Strolling along a beach searching for fossils can be a hugely satisfying and thought provoking experience.
The anticipation of searching for, and finding the fossilised remains of animals and creatures that were alive millions of years ago can conjure an active imagination. Fossils are the remains or impression of prehistoric animals or plants embedded in rock and preserved in petrified form. When hunting for fossils on beaches, the best tools are a keen eye, patience and time.
Individual ammonites – the size of dinner plates and larger, and nautilus fossils can easily be found whilst walking from Lyme Regis to Seven Rock Point at the western end of Monmouth beach. The highlight however is the ‘Ammonite Shelf’ which is a truly stunning display of hundreds of fossilised ammonites forming a natural ‘pavement’ below the edge of the cliffs. Monmouth Beach is part of the Jurassic Coast – a World Heritage Site.
Also part of the Jurassic Coast, East Beach is a good place to find ammonite and belemnite fossils among the pebbles and sand. The rocks and pebbles do not need to be broken as the fossils can be found on the shore line. The beach sits at the base of vast black cliffs, made up of layer upon layer of soft mud, silt and clay built-up over many millions of years. The cliffs are classified as Sedimentary Rocks, formed from layers of sediment that have been turned to stone by millions of years of pressure from the many layers above. Although easily accessible, care should be taken as the cliffs are highly susceptible to rock falls and landslides.
An ideal family location, Bracklesham Bay has a large sand and shingle beach and is easily accessible. The most common finds are sharks’ teeth, ray teeth and turtle shells. Fossils can be found in the sand along the foreshore so there is no need for rock hammers sometimes needed at some other locations. The best time to visit is after spring and autumn high tides, which may reveal more fossils, or in the winter when the clay beds are often exposed. Care should be taken to avoid areas of soft clay and mud.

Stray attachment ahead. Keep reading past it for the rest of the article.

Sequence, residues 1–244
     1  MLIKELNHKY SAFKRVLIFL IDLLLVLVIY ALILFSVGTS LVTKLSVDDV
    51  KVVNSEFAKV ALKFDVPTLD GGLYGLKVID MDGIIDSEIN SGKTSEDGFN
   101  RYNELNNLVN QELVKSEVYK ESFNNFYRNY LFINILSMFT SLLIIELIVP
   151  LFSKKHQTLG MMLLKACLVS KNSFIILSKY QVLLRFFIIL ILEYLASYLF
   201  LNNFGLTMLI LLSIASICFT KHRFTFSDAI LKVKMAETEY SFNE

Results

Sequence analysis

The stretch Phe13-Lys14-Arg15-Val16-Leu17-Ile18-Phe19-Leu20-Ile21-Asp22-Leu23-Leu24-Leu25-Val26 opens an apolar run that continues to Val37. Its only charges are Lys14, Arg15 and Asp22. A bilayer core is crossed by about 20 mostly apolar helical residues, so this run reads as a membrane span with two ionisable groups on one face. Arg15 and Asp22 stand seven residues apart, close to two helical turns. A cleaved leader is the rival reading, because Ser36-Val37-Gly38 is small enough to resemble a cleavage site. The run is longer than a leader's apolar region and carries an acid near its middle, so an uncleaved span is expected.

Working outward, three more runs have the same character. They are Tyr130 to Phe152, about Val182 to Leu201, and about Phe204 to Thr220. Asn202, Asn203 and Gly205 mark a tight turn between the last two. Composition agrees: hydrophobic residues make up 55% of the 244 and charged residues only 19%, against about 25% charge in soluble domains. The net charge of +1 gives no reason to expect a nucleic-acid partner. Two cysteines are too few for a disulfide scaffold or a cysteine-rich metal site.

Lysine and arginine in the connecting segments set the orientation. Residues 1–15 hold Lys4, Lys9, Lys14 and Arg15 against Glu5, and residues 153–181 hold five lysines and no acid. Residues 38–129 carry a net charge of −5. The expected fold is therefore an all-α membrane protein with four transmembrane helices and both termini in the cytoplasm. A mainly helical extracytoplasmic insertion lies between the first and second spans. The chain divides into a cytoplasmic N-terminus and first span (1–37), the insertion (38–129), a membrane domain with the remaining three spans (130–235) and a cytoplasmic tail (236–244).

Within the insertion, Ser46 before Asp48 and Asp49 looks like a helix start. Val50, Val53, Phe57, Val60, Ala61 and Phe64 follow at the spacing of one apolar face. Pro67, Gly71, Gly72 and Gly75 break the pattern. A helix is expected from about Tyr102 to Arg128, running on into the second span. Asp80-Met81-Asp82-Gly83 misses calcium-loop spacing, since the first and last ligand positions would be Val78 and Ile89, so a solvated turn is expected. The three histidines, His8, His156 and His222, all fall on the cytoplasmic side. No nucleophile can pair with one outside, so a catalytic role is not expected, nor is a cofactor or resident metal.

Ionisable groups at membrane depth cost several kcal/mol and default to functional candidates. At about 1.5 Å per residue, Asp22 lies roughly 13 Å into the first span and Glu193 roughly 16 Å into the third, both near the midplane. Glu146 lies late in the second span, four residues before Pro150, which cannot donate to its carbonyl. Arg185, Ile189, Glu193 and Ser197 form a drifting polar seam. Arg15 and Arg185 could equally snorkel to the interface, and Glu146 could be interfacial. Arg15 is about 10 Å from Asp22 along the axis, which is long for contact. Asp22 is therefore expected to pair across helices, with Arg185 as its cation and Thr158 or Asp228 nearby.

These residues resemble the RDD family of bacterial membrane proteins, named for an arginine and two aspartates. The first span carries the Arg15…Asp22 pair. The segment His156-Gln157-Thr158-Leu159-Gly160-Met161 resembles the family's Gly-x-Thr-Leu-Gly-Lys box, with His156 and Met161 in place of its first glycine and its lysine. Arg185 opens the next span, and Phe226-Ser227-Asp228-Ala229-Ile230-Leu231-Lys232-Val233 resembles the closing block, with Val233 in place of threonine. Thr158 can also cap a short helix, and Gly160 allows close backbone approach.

The cliffs at Walton-on-the-Naze are made from 50 million-year-old London clay. In several areas the clay is overlaid with a sand-like substance called red crag, which is 2 million years old. The area is famous for the remains of birds found in the clay. Sharks’ teeth, plants and iron pyrite crystals – also known as Fool’s Gold – can also be found on the foreshore and in the loose scree at the base of the cliffs. The beach is easily accessible but can become cut off at high tide. Hammers are not allowed as this is a site of Special Scientific Interest.
The Yorkshire coast provides a wide range of ancient rock formations, a flying reptile, the pterosaur, and dinosaur footprints have been found here. The best place for fossils is just south of Robin Hood’s Bay at Port Mulgrave where you can find ammonites as well as dinosaur and reptile fossils. These can be found on the foreshore and the scree slopes on the cliffs. The walk down to the beach is steep and the best time to visit is when the tide is going out.
Situated on the North Eastern coast of the Scotland, the boulder beds at Helmsdale are the best place to collect Jurassic fossils in Scotland. The area is rich in reptile and fish remains, giant corals and the occasional ammonite. Access is easy and although there are cliffs in the area, all of the fossils can be found on the foreshore and you don’t have to walk far to find them.